Beginning to Explore Historic Malta


Malta is a small island nation located south of Sicily and north of Africa. People have been living here for more than 7,000 years! The historic nature of this place can be seen easily in the streets of the cities and in the remnants of ancient civilizations to be found in the countryside. Rather than trying to briefly describe the history of Malta to you I recommend you read this entry at Wikipedia. If you do you’ll learn about megalithic Ġgantija temples on the island of Gozo that are among the oldest free-standing structures on earth. You’ll learn that the Knights of St. John were here in the 16th and 17th centuries and built many of the large buildings still used today. You’ll learn that the Maltese asked both the French under Napoleon Bonaparte and the British to “adopt” them and colonize their islands. You’ll learn about the nearly three-year-long siege of Malta during World War 2 and its importance to the Allies fighting in North Africa.

Malta has 300 sunny days a year and a temperate winter climate. It’s beaches draw many tourists from Europe throughout the year. There are dozens of newer high-rise hotels and apartment buildings in the major cities of Valletta, Sliema, and St. Julien.

My apartment is in Sliema, overlooking the Mediterranean Sea. The picture above shows the view from my balcony looking straight ahead. Here’s another showing the shoreline of St. Julien which is just a very few blocks north.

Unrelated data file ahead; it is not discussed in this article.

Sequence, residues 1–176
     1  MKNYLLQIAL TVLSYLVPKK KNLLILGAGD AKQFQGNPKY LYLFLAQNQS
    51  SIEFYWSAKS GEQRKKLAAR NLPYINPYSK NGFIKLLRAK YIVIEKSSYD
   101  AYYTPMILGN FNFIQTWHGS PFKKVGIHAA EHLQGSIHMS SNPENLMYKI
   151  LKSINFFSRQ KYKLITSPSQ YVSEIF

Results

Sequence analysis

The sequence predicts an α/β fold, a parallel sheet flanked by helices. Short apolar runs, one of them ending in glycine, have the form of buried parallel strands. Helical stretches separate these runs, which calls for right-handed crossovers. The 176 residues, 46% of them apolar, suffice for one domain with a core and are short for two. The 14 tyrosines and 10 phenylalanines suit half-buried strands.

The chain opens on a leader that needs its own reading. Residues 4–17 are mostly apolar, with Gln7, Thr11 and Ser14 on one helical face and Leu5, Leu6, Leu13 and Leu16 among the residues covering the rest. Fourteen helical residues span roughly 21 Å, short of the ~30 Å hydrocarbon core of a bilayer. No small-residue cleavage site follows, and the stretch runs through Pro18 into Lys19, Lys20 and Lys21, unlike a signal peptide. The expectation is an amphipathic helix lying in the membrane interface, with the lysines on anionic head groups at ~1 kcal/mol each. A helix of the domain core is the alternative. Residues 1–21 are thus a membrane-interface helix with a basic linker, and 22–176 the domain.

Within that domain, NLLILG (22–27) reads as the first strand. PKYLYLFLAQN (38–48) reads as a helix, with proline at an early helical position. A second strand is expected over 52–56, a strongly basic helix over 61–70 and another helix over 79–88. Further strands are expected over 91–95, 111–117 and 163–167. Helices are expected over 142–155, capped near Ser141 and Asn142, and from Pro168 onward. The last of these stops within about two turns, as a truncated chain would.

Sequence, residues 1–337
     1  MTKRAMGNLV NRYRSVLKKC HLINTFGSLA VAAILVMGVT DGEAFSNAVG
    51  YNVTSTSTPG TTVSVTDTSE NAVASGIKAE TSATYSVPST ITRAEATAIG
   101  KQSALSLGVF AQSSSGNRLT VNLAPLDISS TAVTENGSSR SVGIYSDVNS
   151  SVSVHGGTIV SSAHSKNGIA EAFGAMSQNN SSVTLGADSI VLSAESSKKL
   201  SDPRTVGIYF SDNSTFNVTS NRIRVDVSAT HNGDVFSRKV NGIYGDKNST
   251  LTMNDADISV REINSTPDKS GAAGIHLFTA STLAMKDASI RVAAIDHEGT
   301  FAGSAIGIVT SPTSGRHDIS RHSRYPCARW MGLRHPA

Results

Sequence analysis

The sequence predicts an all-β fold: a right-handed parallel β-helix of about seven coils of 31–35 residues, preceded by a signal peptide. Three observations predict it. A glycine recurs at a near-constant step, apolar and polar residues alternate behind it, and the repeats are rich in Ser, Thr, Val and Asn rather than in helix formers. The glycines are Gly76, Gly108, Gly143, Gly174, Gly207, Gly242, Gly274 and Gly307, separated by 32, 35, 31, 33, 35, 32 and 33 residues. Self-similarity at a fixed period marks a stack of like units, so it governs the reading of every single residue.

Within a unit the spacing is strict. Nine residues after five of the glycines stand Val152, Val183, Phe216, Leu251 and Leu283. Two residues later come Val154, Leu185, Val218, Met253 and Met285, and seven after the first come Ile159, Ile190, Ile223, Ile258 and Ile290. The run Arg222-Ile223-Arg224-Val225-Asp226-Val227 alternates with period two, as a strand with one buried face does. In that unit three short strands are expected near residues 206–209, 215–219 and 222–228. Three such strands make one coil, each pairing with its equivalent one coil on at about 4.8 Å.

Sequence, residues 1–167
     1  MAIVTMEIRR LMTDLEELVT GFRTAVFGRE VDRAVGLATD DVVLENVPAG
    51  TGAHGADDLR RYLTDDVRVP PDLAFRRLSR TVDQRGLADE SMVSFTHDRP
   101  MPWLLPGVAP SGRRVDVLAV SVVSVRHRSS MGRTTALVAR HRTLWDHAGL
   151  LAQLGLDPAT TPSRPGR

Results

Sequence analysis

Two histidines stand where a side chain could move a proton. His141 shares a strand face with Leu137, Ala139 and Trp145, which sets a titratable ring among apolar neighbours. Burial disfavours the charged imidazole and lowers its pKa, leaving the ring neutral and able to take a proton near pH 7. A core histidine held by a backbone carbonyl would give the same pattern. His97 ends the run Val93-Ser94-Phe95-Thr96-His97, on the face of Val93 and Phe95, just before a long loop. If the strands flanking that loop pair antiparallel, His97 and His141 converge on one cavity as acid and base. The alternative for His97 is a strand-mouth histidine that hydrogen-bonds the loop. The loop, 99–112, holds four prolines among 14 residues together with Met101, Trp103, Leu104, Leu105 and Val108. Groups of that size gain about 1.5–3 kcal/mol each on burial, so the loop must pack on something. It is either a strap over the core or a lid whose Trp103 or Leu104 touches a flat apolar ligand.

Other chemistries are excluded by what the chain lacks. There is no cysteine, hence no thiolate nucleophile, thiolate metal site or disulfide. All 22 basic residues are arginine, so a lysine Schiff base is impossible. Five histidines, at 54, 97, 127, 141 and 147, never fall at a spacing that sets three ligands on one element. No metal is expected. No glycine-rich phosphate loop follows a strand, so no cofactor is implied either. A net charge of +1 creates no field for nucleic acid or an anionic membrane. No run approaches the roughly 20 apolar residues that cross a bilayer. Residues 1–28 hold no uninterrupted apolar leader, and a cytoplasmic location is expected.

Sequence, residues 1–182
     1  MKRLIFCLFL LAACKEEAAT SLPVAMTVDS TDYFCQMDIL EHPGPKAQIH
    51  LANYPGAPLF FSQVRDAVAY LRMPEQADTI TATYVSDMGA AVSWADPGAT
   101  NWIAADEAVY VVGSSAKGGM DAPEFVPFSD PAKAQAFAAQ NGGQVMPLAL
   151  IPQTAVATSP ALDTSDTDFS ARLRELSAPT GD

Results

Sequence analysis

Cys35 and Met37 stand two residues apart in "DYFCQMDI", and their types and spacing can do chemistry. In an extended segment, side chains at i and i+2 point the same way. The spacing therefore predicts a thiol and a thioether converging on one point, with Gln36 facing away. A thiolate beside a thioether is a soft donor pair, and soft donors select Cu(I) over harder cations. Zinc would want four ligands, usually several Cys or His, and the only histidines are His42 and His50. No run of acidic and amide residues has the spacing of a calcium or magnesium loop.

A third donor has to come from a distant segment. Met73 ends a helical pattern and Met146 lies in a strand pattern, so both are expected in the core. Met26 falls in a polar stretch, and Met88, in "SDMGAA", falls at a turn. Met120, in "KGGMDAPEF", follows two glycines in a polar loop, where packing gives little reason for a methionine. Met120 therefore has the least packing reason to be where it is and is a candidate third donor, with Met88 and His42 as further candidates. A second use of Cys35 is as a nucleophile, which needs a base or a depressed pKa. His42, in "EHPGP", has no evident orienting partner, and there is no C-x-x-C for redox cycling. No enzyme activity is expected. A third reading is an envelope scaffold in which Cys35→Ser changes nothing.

I set off this morning to find the ferry that makes a 5-minute crossing of the bay from Sliemma to Valletta, the capitol, where most of the famous buildings are located. To do that I needed to cross a small peninsula or walk around it. I did both! When I walked to the end of the peninsula I found a modern shopping mall that incorporates centuries-old military barracks.


When I walked across the peninsula I found the “old town” of Sliema, untouched by tourism, and apparently protected from development. Readers of this blog know by now that I love “old towns.” You can imagine how much I liked finding blocks of old houses built in a unique design with no tourists around except me, with bells pealing from old churches, with narrow streets climbing and descending the hills to water on both sides.


Most of the old houses in the old section of town have these enclosed balconies, painted in a variety of colors.

When I found the ferry on the busy (touristy) bay with some interesting boats and the 500 year old skyline of Valletta in the background I gave up on going to Valletta until tomorrow.


Instead I explored the old section of Sliema and made my way back to the apartment to share it with you.


I don’t know yet what the classical styled building at the end of this block is or used to be, but I loved the way the houses marched right up to it.


Here you see the cupola and belfry of the Church of Santa Maria but you can also see an ugly wall built behind it. That is the authenticity of this old part of town that I like. People really live here.





4 thoughts on “Beginning to Explore Historic Malta

  1. I love your blog!!! Great pictures and fascinating narratives!! The Cathedral pictures are absolutely stunning!! Stay safe cousin, and thanks for letting me travel along in your suitcase!!!


    • Hi Denise!
      I’m glad you’re coming with me on this trip. And happy that you liked seeing that amazing church. I’ve been seeing your Facebook posts and those of Shawn and her family. It’s good to see that you are all doing well.


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